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Help Patients of All Ages Prevent Heart Disease

As healthcare professionals who provide primary care services to patients of all ages, family nurse practitioners can significantly improve health outcomes and life expectancy. This includes working with patients across the lifespan to prevent heart disease, the leading cause of death in the U.S.

If your professional nursing goals focus on health promotion, a Family Nurse Practitioner (FNP) career may be an ideal choice. The online Master of Science in Nursing (MSN) – FNP program from St. Thomas University (STU) can prepare you to improve health outcomes for patients, families and communities as a primary care provider and health management resource.

What Are the Causes and Complications of Heart Disease?

Coronary artery disease (CAD) is the most common type of heart disease and the leading cause of heart attacks. In many cases, a heart attack may be the first time someone learns about CAD. However, as the following statistics from the Centers for Disease Control and Prevention (CDC) show, heart disease is not just a concern for older individuals:

  • Over 20 million adults ages 20 and older have CAD.
  • In 2020, about 20% of deaths from CAD occurred in adults younger than 65.

Heart attacks can damage the heart and put people at risk for another heart attack. Additional complications of CAD include cardiac arrest, heart failure and stroke.

Common risk factors for heart disease include:

  • Being overweight
  • Having an unhealthy diet
  • Being physically inactive
  • Smoking tobacco

What Behavior Changes Can Improve Heart Health?

The CDC notes that about 50% of all Americans have at least one of the following major risk factors for heart disease: high blood pressure, high blood cholesterol and smoking. The good news is that about 80% of cardiovascular disease, including heart disease, is preventable, according to the American Heart Association (AHA).

The AHA’s Life’s Essential 8 recommends the following eight research-based behavior changes for lowering the risk of heart disease at every age:

  1. Choose a healthy diet to lower the risk of heart disease by over 30%.
  2. Get enough physical activity. Studies show that only one-in-four teens get their recommended 60 minutes a day. Developing healthy exercise habits at a young age has many benefits.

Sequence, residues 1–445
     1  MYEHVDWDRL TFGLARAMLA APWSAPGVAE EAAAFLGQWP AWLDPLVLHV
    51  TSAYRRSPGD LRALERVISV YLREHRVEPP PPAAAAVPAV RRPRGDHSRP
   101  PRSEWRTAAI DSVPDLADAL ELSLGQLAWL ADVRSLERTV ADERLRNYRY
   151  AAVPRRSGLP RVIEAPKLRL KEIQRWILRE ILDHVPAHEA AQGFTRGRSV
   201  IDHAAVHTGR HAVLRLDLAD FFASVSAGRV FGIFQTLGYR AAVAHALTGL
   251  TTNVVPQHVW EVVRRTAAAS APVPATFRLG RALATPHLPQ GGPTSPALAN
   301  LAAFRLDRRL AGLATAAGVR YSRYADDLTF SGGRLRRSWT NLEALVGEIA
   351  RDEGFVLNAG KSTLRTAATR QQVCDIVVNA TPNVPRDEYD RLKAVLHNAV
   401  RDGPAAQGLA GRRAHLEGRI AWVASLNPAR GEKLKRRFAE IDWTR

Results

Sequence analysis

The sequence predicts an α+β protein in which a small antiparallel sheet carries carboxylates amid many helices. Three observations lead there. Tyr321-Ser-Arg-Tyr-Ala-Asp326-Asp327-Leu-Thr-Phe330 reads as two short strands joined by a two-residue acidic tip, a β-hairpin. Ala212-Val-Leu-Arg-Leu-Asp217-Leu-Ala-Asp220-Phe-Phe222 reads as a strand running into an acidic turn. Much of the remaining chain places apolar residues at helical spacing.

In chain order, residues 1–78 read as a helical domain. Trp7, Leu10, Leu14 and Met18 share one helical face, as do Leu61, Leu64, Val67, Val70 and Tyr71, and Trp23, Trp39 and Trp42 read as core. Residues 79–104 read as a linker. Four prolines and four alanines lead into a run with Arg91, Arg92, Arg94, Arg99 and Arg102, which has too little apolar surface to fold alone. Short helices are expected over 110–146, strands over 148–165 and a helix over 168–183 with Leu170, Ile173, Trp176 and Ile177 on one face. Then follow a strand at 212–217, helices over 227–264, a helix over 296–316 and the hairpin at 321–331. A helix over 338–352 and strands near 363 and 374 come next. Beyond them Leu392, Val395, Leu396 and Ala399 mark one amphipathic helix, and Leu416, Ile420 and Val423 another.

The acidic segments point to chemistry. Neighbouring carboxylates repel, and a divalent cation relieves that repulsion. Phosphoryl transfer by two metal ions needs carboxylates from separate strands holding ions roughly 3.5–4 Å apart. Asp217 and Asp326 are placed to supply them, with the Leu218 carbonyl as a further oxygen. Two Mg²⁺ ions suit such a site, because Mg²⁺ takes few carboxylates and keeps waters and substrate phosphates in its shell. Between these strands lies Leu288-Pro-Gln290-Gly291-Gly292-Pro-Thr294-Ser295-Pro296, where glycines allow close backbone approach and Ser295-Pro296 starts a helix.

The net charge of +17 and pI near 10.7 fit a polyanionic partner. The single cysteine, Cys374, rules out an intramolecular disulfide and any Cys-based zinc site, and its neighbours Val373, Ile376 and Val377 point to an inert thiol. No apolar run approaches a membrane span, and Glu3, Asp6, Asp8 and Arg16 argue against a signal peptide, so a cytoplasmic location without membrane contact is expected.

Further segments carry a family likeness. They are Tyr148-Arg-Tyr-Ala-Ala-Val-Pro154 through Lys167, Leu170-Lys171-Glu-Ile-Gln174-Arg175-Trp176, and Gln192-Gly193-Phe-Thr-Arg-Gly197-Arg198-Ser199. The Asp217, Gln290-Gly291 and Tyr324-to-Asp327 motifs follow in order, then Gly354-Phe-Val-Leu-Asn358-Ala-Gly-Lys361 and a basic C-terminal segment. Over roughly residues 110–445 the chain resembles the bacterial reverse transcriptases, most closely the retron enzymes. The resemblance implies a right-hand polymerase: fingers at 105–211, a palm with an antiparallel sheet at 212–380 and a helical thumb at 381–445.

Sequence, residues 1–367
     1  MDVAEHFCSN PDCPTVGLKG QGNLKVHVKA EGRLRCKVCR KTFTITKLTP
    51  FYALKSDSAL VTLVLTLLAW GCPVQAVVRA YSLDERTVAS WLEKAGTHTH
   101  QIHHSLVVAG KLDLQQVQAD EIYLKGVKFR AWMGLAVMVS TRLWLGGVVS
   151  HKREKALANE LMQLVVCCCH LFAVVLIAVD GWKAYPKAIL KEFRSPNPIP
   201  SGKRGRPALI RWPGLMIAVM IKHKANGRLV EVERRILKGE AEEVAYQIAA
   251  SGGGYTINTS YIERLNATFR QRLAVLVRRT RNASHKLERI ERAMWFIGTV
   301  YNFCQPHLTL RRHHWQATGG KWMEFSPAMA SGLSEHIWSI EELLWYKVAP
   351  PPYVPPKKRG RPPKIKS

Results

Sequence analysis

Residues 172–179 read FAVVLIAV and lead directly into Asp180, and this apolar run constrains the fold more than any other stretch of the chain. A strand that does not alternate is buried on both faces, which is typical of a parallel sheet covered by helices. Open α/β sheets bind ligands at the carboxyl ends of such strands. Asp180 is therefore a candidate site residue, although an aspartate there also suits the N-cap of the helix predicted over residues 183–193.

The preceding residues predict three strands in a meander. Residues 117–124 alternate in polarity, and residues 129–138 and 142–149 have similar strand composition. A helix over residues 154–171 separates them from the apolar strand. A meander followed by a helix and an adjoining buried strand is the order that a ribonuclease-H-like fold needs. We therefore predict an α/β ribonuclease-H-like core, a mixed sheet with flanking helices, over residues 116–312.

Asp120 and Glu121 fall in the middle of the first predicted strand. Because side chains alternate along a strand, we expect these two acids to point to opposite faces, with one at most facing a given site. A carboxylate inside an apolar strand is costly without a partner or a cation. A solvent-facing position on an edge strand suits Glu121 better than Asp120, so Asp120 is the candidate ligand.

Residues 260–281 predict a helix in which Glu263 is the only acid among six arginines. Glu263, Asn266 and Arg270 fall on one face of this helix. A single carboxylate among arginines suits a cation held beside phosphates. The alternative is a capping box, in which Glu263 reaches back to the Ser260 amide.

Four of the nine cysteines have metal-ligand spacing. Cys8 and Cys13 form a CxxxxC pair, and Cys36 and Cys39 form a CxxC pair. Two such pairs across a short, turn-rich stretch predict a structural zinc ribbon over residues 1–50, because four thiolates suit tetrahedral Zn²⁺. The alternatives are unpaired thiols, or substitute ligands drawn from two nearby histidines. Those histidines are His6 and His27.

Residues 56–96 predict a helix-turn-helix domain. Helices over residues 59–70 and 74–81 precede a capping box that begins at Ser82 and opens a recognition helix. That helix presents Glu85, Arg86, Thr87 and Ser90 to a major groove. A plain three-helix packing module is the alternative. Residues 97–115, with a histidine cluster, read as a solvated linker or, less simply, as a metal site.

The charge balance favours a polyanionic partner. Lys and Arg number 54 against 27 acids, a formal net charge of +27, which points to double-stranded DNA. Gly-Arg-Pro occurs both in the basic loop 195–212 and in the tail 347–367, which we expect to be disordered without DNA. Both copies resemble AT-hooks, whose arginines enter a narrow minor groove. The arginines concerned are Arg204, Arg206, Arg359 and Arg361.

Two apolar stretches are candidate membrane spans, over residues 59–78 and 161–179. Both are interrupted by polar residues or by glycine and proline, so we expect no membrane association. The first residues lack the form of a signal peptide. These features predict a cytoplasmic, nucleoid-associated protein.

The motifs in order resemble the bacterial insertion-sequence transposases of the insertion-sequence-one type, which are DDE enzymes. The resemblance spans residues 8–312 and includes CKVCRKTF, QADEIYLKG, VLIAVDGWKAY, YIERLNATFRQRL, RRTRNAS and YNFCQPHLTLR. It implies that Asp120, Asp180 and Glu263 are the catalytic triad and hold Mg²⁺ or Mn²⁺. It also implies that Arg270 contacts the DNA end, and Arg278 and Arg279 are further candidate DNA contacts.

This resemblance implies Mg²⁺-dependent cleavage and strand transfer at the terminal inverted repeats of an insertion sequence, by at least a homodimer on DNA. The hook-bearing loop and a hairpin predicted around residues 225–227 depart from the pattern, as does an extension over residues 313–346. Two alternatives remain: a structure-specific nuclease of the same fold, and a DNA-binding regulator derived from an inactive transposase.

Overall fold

3. Maintain a healthy weight. Health trackers can come in handy to identify needed changes.
  4. Stop using tobacco. It can be a difficult habit to break, but what if your patients knew the risk of heart disease goes down by 50% within one year of quitting?
  5. Maintain healthy cholesterol levels. Helping patients understand how tips 1–4 help improve cholesterol can be empowering.
  6. Control blood sugar, which starts with helping patients understand what causes blood sugar to rise.
  7. Manage blood pressure. Strategies for success include tips 1–4.
  8. Improve sleep. Managing the amount and quality of sleep can improve other risk factors, including exercise, food intake, weight and blood pressure.

How Does STU’s Online FNP Master’s Program Prepare Grads to Prevent Heart Disease?

STU’s online MSN – FNP program prepares FNPs to deliver primary care in various clinical settings, including primary care practices. Because FNPs tend to provide more continuity of care, they have the potential to promote lasting behavior changes that can prevent heart disease.

Coursework develops advanced knowledge and skills in relevant areas, including:

  • Advanced health assessment
  • Diagnosis and management for individuals, families and communities
  • Health promotion and disease prevention
  • Advanced clinical pharmacology
  • Evidence-based protocols
  • Healthcare for diverse populations, including analysis of health disparities

In addition, coursework prepares FNPs as advocates for public policy. For example, smoke-free policies in all public places can help prevent or reduce tobacco consumption. Nutrition labeling policies can promote healthy food choices. Policies that expand the scope of practice for NPs can improve healthcare access and outcomes in rural areas, where people are more likely to die from heart disease.

RNs ready to take the next step in their education and career have many options, including more than a dozen nurse practitioner specialties. As an FNP, you will empower patients at every age to participate in disease prevention and health promotion, including preventing heart disease. In the process, you can make a critical difference in health outcomes throughout your patients’ lives.

Learn more about St. Thomas University’s online MSN – FNP program.

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